After the release of Productive Anywhere, a couple of readers asked me about my favorite place to get things done. Over the last few years, dozens of spots have been my home and my workplace, but which of them did I prefer?
As with many tough questions, it’s probably better to start at the opposing end and look at the workplaces I dislike: Cubicles! Luckily, I only had to work at one twice in my life. The first time was during a short job as a callcenter agent and the second during an internship with the European Commission’s Delegation to Colombia and Ecuador.
The callcenter job was hellish and mind-numbing by itself, as you might imagine. Screaming into a cheap and nasty headset trying to interview pensioneers and stay-at-home mums about their shopping habits is about as bad as it gets once a country moves beyond creating employment opportunities in sulfur mines. Now multiply the people screaming into those cheap headsets by 30 and put all of them into one large, overheated room and you’ll understand why I became highly motivated to get a different job immediately after starting out at the callcenter.
Work at the Delegation was much nicer and also way more interesting. I was even so lucky to have some great and smart colleagues – but my desk in the 11th floor of a random office building in Northern Bogotá simply didn’t feel like the appropriate place to do great work. Somehow, the atmosphere there did confirm the stereotypical image of a slow EU bureaucracy. As much as I enjoyed my stay there, I doubted that working in a cubicle (or even a normal office environment) would be something I’d enjoy doing in the long run.
Experimenting with Work Environments
To improve matters, I ended up cutting some of the office hours towards the end of my internship. To compensate, I transferred part of my work to the studio apartment I had rented in the lively Chapinero area. Even though it was a very simple place, this move alone spurred my productivity, as it entailed a whole new freedom: Suddenly, I was able to decide on my own about when to work and when to relax, when to walk around thinking and when to isolate myself from my surroundings in order to focus completely on my job.
In the following years, I continued to experiment with different work environments while finishing my academic studies in Germany and Colombia. Coffeeshops did work, but not for everything: Until today I love to go there for brainstorming, simple reading and light writing. Preparing exams, reading more complex texts or doing final edits, in contrast, is best done at other places. Libraries work great for this kind of stuff and also to get things done I don’t enjoy particularly: I remember locking myself away for whole weeks when preparing a painful linguistics exam. Being at a place full of quiet and concentrated students (most of them reading and memorizing data for their respective exams) simply created the right ambience.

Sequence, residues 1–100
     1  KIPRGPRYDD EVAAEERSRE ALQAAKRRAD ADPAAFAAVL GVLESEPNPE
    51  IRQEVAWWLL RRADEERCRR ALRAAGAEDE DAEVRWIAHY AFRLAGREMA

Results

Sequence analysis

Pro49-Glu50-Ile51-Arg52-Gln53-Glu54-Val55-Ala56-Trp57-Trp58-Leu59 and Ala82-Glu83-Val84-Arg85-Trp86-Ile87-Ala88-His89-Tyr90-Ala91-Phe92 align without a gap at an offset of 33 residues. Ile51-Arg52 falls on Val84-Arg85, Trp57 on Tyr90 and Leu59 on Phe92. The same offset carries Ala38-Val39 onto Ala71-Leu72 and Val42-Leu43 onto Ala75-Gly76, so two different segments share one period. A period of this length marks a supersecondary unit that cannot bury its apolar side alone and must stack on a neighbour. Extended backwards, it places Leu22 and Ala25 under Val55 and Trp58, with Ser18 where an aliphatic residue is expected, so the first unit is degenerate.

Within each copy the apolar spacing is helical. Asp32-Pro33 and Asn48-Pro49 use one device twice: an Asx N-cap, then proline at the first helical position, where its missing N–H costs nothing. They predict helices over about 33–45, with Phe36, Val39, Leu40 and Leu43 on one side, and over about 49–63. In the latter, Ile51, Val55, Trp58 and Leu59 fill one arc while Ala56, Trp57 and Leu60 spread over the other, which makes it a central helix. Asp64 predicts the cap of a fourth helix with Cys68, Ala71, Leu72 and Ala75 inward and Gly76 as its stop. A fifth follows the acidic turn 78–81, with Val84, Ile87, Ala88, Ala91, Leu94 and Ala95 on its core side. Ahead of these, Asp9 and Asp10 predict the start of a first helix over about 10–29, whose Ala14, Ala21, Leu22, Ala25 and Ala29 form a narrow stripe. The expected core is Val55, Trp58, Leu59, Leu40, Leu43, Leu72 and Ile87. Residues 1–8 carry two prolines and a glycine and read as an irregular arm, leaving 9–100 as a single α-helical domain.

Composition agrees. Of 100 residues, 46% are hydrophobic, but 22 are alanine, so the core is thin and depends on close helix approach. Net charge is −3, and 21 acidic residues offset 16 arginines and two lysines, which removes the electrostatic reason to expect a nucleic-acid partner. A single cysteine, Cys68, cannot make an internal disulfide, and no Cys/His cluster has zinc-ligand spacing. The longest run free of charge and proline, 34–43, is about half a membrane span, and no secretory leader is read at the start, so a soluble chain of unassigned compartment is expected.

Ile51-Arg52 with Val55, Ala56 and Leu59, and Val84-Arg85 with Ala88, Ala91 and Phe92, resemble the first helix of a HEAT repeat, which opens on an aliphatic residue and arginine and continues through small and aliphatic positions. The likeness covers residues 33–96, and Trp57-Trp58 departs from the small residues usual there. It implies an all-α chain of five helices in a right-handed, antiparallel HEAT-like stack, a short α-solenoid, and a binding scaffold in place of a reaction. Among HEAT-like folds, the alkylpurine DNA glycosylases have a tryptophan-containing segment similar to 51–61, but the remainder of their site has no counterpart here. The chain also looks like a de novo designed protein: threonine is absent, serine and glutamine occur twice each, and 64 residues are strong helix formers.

Going Beyond Rules
Over the past couple of years, I took experimentation even further: I spent time working in parks and in beach bars, in the apartments of friends and strangers, on airplanes and airports, on buses and boats. All of these had their allures, and I’d love to go back to many of them because of the good experiences I made.
I experienced two of my personal highlights during the creation of my first two books. When I started to outline Beyond Rules1 I discovered my personal “author’s paradise” on Earth: A cozy hotel right at the beach in Cartagena. In the shadowy patios, artists, writers and part-time philosophers of all sorts encounter Colombian tourists, elderly world travelers and the occasional group of students. The resulting energy provides the ideal surroundings for me to let my mind wander, get inspired and put a text together.
Later on, I made major breakthroughs for both Beyond Rules and Productive Anywhere at the shores of the North Sea in Denmark and Germany. This was a great environment to dive deeply into the chapters of the books and slog away for a couple of hours. Whenever it got too much and I felt like my head was exploding, going out to breathe some fresh air and get myself almost blown away by the stormy winds was just perfect to get unstuck!
My Favorite Workplace
So were these my favorite workplaces? In some sense, yes – but only in the context of what I was doing at the time! I believe that being able to choose our workplace on our own brings two huge advantages. First of all, our motivation will be higher, as described above: Choosing freely about when and how to work is an empowering experience. Secondly, different environments lend themselves better for different kinds of tasks: The library for concentrated editing, the beach hotel to get inspired, and so on.
The major downside to choosing our own workplace is probably friction: Finding out about what works and what does not is only in some part a matter of common sense or scientific research. To a large degree it’s a question of personal preference and also of the circumstances of your life. Also, procrastination can be much more tempting if there isn’t anybody around controling you. Choosing your workplace wisely thus becomes much more important.2
So what’s my favorite workplace, then? It’s hard to say. But if I’d have to choose one, I’d probably go for… no, I won’t put this here. It’s worth a post of its own, so I’ll keep it up for next week! Be sure to come back or subscribe for free to my RSS feed!
- Still available for free at the link. I will take it down later this month to start working on a 2012 update, so be sure to grab it now if you’re interested! [↩]
- More thoughts on these issues can be found in Productive Anywhere, of course! In her interview, Lea Woodward shares some very interesting thoughts on how sometimes even a great place can be a bad fit for us to get things done. [↩]